Following is the address to Mrs. J. Waddell: As the season of peace and good-will draws near we feel that we would like to let you know how much we appreciate your kind and willing service as convenor of our Circle. We feel sure, with you, as with us, it has indeed been a labor of love to work for our dear boys who are overseas fighting for home and freedom.

We ask you to accept this little gift, and when peace has been proclaimed and we are done knitting socks for the soldiers now so far from home, we hope it will remind you of the very pleasant Tuesday afternoons which we have enjoyed in the various homes of the members of the Nile Green Knitting Circle.”

100 Years Ago: Vote Passes for Union Government and E. Guss Porter, Christmas Cheer for Poor Children, Soldiers Voting in Trench and Hospital

The Intelligencer December 18, 1917 (page 1)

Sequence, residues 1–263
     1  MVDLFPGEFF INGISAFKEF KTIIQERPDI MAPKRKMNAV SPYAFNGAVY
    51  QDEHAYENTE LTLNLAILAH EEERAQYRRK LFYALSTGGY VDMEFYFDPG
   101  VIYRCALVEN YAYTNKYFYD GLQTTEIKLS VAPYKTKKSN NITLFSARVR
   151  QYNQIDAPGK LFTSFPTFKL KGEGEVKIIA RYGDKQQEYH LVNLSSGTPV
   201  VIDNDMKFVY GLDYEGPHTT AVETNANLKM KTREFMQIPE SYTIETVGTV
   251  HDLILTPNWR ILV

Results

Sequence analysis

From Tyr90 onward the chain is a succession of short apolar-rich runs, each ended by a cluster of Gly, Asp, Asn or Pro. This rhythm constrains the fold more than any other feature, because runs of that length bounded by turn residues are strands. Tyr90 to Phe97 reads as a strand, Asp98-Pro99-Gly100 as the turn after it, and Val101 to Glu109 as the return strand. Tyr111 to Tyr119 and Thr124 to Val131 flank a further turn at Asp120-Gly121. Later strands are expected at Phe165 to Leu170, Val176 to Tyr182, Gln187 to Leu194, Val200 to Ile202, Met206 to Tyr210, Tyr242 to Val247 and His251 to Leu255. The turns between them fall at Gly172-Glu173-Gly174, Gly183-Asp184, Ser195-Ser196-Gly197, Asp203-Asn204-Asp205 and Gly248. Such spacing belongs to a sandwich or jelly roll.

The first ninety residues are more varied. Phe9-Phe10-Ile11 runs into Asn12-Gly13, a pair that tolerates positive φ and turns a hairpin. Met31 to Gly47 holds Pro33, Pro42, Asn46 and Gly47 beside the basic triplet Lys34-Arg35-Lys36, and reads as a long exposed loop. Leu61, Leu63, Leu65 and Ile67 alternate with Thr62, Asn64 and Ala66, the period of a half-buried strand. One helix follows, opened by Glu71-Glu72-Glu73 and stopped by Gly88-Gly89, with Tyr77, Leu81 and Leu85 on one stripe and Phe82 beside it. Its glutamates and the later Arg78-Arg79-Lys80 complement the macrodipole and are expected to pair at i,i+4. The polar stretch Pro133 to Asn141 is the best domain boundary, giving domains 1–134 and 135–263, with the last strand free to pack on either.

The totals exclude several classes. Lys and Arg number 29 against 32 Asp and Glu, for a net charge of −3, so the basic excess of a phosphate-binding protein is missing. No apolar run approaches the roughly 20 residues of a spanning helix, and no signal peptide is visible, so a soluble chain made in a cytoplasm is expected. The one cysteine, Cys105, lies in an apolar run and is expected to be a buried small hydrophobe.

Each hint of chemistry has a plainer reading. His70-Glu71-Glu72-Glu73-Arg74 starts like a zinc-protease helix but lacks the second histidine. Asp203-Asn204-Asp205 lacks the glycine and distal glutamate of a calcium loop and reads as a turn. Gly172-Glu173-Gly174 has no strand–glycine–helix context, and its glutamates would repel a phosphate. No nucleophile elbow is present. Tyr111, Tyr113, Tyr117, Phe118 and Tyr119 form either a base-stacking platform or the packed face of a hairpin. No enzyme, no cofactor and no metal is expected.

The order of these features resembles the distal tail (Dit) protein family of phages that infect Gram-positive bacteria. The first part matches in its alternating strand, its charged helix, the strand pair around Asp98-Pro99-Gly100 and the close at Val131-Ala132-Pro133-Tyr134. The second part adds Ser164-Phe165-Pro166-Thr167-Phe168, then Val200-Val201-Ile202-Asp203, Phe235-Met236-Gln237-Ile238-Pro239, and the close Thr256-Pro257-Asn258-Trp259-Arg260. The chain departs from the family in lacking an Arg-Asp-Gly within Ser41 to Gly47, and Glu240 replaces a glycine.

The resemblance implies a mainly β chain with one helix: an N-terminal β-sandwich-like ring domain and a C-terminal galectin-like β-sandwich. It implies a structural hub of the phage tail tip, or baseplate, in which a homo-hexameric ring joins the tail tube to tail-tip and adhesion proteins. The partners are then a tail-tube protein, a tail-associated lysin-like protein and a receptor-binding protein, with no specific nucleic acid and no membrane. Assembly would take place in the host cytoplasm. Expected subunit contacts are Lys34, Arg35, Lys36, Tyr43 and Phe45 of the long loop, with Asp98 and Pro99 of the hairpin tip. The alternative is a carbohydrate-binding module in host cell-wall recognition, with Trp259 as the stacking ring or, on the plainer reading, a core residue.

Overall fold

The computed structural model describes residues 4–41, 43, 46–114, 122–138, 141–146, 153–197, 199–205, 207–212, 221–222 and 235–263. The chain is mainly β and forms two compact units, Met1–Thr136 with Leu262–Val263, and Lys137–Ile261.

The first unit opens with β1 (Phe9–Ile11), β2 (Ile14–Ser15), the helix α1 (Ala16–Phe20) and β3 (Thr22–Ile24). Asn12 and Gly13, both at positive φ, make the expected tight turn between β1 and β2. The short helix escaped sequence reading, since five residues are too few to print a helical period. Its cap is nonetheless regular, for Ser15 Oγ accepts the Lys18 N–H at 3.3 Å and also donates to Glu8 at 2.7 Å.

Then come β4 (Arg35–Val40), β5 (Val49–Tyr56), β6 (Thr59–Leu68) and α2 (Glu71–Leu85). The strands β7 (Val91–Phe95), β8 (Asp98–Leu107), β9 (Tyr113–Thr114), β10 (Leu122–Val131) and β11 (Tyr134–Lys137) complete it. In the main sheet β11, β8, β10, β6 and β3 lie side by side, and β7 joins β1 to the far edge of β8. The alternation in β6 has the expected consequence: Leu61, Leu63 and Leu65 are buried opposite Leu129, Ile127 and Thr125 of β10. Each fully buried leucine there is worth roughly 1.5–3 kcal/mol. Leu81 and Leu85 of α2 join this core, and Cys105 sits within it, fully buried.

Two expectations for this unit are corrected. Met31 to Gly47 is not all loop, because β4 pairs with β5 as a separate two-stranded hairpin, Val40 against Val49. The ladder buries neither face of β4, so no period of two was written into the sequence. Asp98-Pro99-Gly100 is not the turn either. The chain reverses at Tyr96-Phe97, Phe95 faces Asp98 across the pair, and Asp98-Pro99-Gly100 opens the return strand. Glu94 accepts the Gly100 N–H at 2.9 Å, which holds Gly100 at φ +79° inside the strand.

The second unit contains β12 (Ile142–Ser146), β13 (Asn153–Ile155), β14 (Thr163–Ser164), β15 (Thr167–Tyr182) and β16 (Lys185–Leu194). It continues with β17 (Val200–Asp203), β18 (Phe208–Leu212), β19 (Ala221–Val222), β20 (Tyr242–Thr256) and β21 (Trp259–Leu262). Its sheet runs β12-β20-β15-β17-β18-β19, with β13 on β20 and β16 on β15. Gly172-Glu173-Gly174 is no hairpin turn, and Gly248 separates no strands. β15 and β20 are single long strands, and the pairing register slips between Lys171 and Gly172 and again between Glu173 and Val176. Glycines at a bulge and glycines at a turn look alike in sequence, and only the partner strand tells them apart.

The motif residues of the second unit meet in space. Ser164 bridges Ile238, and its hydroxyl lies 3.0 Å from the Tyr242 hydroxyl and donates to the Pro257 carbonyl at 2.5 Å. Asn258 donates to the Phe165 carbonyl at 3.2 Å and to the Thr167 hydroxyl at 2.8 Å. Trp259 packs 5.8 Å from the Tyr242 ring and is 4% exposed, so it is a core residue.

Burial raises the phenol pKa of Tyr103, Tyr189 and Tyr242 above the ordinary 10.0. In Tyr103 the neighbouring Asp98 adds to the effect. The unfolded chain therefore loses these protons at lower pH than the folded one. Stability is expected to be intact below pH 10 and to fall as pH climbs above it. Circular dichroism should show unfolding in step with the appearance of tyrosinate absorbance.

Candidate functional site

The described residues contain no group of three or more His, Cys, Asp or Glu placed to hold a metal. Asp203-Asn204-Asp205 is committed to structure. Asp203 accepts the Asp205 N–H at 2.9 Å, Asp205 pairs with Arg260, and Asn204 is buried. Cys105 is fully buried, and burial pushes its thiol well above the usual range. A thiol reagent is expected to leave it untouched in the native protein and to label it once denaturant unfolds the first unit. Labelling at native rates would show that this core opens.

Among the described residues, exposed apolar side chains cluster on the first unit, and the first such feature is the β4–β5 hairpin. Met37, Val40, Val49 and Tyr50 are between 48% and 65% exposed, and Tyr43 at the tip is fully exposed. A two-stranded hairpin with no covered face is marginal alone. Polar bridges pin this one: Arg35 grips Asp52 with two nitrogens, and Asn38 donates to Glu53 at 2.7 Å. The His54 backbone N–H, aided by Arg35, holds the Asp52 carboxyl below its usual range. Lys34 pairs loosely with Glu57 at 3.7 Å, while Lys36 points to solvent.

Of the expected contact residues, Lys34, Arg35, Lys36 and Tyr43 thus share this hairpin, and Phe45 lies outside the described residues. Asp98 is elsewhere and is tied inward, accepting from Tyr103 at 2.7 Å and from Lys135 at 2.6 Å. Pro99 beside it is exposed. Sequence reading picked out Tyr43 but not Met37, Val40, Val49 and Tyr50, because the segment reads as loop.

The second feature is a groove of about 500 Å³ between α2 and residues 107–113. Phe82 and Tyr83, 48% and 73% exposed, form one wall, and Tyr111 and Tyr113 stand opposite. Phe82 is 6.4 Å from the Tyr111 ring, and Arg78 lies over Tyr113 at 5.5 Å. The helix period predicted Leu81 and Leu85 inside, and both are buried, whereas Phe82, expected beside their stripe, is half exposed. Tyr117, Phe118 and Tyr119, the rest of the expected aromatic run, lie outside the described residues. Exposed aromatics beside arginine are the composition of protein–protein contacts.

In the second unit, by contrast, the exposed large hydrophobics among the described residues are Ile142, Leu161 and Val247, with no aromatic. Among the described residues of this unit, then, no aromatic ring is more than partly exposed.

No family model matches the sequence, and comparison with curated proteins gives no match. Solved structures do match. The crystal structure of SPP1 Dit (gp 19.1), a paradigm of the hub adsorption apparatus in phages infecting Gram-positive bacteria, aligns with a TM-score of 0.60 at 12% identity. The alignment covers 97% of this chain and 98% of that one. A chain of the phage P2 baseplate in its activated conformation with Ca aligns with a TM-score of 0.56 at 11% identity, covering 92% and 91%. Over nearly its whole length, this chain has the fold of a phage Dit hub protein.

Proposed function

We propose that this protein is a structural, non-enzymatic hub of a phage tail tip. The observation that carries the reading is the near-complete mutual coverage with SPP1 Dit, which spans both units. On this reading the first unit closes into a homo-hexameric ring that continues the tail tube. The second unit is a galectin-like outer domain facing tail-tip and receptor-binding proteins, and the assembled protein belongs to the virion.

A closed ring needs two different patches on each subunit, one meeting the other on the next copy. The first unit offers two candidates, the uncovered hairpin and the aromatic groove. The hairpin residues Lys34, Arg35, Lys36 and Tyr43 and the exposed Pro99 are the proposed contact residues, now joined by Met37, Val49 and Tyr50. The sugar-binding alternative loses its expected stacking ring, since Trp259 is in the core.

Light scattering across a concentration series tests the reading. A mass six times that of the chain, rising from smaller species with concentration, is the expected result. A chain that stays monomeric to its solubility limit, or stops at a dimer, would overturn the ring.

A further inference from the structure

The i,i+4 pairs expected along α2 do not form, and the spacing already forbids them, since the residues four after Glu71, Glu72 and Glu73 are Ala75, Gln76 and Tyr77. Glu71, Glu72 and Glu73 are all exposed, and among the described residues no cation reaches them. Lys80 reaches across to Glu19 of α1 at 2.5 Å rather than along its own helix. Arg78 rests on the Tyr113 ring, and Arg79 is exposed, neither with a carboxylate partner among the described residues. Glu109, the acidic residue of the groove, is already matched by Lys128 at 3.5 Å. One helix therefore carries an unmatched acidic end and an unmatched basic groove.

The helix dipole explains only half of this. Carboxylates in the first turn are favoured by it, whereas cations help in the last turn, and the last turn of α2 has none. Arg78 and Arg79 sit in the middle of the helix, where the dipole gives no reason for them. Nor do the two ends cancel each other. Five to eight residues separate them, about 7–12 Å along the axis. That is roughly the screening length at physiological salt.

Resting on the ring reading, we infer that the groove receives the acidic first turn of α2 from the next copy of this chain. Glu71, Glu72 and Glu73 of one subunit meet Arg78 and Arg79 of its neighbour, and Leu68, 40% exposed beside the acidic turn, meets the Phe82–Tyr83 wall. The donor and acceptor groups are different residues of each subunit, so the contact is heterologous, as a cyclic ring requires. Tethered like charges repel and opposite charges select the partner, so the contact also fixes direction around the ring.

“Union Government and E. Guss Porter. There was great rejoicing in Belleville last night over the triumph of Union Government and the election of E. Guss Porter, K.C., and up until midnight there were many sounds of celebration and cheers of the victors. …

The City Hall was the mecca of Mr. Porter’s supporters and here a telegraph instrument had been installed and the returns national and local received and announced, interspersed with speeches from well-known citizens. …

A feature of the City Hall gathering was the presence of many returned soldiers in uniform, several of them making snappy speeches. The soldiers had a grievance and were highly indignant at the treatment they received in various polling booths in the city. The charge was made from the platform, that agents for Mr. Graham in the polling booths, acting under written instructions from Graham head quarters, challenged every returned soldier and required him to take an oath that he was entitled to vote. This of course resulted in such ballots not being counted, but placed in a separate envelope for judicial action later if necessary. The story occasioned general indignation as it was felt that to challenge the vote of a returned soldier was going entirely too far.